Dr. David Heise is Assistant Professor in the Department of Computer Science, Technology & Mathematics at Lincoln University and teaches courses across the computer science and engineering curricula. He leads the LU Undergraduate Computational Intelligence Program, develops and teaches classes and seminars to prepare LU undergraduate students in computer science to contribute to the research goals of the Missouri Transect through summer research experience at Missouri Transect sites.
Dr. Christine Li is Assistant Professor in the School of Natural Resources at MU. Dr. Li's research interests include conservation education/natural resources/environmental education, communication strategies, program development and evaluation, needs assessment, conservation psychology, conflict management, community empowerment, community forestry, civic ecology and capacity building in human dimensions of natural resource management. The goal of her research is to develop a fundamental understanding of how conservation education and pedagogy strategies influence natural resource learning outcome. The specific objectives of her research are to 1) design and evaluate the efficacy of environmental educational and outreach programs to key stakeholders, K-12, and public, 2) promote interdisciplinary research and community level collaboration in natural resource conservation, 3) investigate the individual attitudes, knowledge, perceptions, and behavior affect community resilience and other key stakeholder groups in natural resources management, 4) enhance educational and social science research methodologies and analysis, and 5) promote international collaboration in conservation education.
Dr. Troy Sadler is Professor of Science Education at MU. He is an expert in curriculum and instruction with an emphasis in science education. On the Missouri Transect project, he has developed the STEM education needs assessment survey, and will lead recruitment of students from underrepresented groups, workforce training programs and teacher professional development.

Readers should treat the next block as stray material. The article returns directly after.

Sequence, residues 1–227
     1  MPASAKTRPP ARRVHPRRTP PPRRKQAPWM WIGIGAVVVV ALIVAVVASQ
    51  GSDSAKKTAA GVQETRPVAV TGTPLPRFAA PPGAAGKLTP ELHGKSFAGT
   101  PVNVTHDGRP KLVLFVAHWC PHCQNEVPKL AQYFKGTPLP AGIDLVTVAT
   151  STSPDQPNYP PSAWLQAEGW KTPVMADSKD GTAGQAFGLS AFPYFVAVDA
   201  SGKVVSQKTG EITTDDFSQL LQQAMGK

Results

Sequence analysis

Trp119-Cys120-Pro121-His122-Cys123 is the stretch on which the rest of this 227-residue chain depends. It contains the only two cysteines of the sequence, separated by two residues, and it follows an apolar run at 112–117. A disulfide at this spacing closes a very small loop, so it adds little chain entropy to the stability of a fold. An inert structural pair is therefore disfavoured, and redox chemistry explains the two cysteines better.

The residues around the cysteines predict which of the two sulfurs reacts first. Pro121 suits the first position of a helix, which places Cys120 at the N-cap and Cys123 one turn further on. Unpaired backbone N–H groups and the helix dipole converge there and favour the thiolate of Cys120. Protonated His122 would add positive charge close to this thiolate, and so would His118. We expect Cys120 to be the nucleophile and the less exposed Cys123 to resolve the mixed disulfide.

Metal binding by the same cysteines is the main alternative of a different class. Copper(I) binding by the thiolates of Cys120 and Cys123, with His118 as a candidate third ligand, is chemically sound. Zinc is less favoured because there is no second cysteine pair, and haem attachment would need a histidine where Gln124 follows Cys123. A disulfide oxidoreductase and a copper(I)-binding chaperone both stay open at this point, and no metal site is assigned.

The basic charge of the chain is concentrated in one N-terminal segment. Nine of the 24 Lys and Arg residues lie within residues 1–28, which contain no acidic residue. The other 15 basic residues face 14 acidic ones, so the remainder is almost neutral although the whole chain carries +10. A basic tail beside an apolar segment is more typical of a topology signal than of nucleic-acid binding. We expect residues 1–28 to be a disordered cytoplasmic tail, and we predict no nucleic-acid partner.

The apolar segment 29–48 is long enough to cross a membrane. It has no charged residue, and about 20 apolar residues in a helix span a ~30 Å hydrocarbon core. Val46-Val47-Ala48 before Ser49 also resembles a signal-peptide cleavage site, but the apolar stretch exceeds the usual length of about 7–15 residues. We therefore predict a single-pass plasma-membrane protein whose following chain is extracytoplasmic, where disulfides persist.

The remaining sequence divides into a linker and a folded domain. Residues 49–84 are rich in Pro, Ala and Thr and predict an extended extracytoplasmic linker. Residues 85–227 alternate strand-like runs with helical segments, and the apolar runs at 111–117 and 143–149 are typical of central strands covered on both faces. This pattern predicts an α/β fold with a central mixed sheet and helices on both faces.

Staff, Postdocs, and Students
Allison Blevins works with Dr. Terry Woodford Thomas as an Education Assistant at the Donald Danforth Plant Science Center.
Matthew Hagemann is an Intern at the Donald Danforth Plant Science Center working with Dr. Terry Woodford Thomas.
Elizabeth Hedrick is a graduate student at Lincoln University working with Dr. David Heise.
Elisa Israel is Director of Research and Evaluation at the Saint Louis Science Center. She supervises the formative evaluation for the agriculture technology exhibit that will feature Missouri Transect research and technology.
Zachary Knuth is an undergraduate student at Lincoln University working with Dr. David Heise.
Data Scientist at the Danforth Center working with us as a contractor for the MO DIRT data analyses.
Sara Martinez is a Research and Evaluation Associate at the Saint Louis Science Center. With Cindy Encarnacion, she conducts data collection, analysis, and reports activities for the formative evaluation of the agriculture technology exhibit that will feature Missouri Transect research and technology.
Undergraduate studying with Dr. David Heise. Observation and Detection of Animals in an Environment Using the Techniques of Computational Auditory Scene Analysis
Hai Nguyen is a PhD candidate in the MU College of Education working with Troy Sadler. Nguyen works on the development and testing of K-12 Learning Modules.
Amanda Peel is a PhD student in the Department of Learning, Teaching & Curriculum at MU working with Dr. Troy Sadler.